We’ve seen this all before. Who’s to say you aren’t just another Trotskyist groupuscule with a hidden ideological agenda?
You’ll have to take our word for now that we’re not! Some of us have had our fair share of bad experiences with groups like this, and in fact our analysis is partly shaped by a reaction against such groups and their way of operating. Hopefully this is clear in everything we’ve written. We try to be non-dogmatic and base our analysis in good sense and what works rather than abstract theory. If you still have your doubts, we advise you to get in touch so you can find out for sure.
Aren’t most of the groups of the orthodox left too rigid in both ideology and structure for your criticisms to have any affect on them? Aren’t you wasting your time trying to influence them?
Firstly, we aren’t trying to influence groups as such. It’s true that some groups on the left are destined forever to remain obscure and irrelevant. There is a difference between organisations and their members, however. In our experience, such groups often have many members who are skilled activists with a sensible approach to organising. If they adopted a different strategy in their locality, they could begin to produce real results. We hope to encourage this.
Secondly, there are many groups on the left that are not “beyond saving”. Where groups are internally democratic, it’s possible for them to be steered in more useful directions by their members. Through influencing activists, we may be able to influence the direction of some of these groups. This sounds like a huge task, and it is. But we feel the more voices arguing for the kind of change in strategy we’re suggesting, the better. We see any movement in this direction as positive.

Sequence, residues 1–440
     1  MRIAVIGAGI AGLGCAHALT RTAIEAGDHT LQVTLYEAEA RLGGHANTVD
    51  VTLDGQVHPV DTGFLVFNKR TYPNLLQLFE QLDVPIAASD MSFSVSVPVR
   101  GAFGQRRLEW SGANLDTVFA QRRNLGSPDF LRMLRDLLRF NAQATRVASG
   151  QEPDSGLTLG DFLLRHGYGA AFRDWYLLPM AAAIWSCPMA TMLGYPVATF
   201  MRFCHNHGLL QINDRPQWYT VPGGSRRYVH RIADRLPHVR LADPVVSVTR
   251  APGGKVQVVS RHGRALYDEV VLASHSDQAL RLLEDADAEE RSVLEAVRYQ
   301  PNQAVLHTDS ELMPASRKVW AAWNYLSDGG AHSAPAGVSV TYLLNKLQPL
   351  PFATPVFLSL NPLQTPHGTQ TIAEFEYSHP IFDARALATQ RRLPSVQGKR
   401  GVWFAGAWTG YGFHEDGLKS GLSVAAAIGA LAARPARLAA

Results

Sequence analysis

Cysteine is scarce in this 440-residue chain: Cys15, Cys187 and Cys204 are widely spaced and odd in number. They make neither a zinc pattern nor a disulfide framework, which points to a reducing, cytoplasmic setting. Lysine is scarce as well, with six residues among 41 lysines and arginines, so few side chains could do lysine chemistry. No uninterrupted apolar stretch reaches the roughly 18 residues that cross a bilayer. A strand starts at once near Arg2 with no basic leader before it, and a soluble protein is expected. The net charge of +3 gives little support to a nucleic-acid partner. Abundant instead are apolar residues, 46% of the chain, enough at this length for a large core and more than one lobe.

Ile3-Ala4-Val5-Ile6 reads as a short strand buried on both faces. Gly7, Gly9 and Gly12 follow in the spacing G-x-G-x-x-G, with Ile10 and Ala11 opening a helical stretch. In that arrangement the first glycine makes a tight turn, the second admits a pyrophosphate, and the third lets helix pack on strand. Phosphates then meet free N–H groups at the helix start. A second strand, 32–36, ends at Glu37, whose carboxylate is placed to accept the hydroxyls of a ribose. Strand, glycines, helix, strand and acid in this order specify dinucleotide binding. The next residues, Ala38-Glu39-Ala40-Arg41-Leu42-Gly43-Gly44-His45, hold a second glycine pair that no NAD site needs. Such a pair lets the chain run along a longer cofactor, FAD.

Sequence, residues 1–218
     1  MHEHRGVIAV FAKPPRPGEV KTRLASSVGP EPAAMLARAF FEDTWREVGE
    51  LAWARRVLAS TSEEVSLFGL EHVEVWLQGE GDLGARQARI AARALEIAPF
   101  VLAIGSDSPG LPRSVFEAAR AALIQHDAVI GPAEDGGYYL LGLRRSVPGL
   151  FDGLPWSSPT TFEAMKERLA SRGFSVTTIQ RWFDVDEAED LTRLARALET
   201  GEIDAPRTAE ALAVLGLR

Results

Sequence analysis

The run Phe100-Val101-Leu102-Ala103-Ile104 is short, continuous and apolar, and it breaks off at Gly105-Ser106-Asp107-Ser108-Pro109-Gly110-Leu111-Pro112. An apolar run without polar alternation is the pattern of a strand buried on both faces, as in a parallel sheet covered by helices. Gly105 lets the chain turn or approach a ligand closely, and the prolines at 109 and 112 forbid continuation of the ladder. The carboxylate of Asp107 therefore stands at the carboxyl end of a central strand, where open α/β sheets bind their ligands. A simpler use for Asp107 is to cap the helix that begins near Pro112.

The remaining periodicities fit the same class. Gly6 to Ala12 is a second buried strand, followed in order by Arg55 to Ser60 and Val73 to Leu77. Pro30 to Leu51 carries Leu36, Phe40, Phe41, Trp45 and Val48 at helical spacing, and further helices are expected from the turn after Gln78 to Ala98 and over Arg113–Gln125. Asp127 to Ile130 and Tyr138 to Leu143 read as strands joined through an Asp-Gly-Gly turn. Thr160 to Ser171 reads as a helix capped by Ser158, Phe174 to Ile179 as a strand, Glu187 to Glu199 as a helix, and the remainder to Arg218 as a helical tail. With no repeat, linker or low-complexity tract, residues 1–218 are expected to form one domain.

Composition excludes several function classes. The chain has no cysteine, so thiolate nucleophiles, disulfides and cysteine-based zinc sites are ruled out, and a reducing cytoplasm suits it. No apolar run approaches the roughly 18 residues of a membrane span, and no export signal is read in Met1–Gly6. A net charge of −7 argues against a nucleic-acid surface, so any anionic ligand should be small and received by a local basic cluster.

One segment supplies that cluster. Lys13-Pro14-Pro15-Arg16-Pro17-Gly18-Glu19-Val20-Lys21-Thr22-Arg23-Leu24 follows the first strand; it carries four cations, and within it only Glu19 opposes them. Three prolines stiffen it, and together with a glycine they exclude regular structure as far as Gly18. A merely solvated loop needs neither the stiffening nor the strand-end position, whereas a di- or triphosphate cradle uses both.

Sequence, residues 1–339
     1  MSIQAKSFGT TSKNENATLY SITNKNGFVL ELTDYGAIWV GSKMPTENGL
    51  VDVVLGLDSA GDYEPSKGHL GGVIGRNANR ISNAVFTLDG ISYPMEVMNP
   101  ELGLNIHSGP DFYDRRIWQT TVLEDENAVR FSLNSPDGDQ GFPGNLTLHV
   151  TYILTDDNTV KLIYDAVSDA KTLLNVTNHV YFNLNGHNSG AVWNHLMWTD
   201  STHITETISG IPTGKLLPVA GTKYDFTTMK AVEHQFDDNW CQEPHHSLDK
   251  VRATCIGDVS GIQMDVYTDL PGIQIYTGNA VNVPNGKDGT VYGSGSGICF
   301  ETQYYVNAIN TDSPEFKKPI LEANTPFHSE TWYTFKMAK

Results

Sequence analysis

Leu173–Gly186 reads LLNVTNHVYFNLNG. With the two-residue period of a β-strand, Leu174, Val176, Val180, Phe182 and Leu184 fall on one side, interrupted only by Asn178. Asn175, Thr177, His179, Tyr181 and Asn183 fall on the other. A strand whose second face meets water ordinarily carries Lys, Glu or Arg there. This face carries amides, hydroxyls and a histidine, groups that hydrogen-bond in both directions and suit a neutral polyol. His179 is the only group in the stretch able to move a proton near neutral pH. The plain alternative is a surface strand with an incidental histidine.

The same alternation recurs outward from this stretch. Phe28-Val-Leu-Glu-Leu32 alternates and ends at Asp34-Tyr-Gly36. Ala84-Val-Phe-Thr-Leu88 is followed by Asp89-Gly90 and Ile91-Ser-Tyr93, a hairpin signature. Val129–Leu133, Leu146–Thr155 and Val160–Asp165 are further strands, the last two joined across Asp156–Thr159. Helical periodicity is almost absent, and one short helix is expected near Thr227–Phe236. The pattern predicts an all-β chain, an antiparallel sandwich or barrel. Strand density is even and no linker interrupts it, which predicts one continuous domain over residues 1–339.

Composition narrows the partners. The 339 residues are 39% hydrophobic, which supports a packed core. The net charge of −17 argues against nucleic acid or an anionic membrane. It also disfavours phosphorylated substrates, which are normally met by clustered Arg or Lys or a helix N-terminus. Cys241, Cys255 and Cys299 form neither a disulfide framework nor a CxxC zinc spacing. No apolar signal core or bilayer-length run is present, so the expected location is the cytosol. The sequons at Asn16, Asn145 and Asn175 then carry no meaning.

You’re right about the baggage the Left needs to ditch. Why not jettison the discredited concepts “socialism” and “left-wing” while you’re at it?
It might well be the case that any party or campaigning organisation orientated to the working class is best advised to drop these labels, given their negative connotations for many people, but we aren’t yet a party or a campaigning organisation. At the moment we’re communicating largely with people who define themselves as socialists and as on the left. Furthermore, we’re proud to be socialists and to identify ourselves with the rich heritage of that movement. The fact that we profoundly disagree with the approach of some groups who use the word “socialist” in their title doesn’t change this.
Why do you stick to the outmoded concept of the “working class”?
The concept “working class”, or that of “class” generally, might have gone out of fashion recently, but that doesn’t stop it being as relevant as ever to any understanding of British society. The nature of working class (and middle class) occupations may have changed, but the nature of the class system has not fundamentally changed. The debate is a lengthy one, and it’s not our intention to lengthen it further here, but clearly a whole range of social problems – from inequalities in education to the housing crisis – are best understood via a class analysis.
We hope that answers most of the criticisms so far. We’re happy to answer other questions readers may have, please just email us to get in touch or use the comments facility on the blog.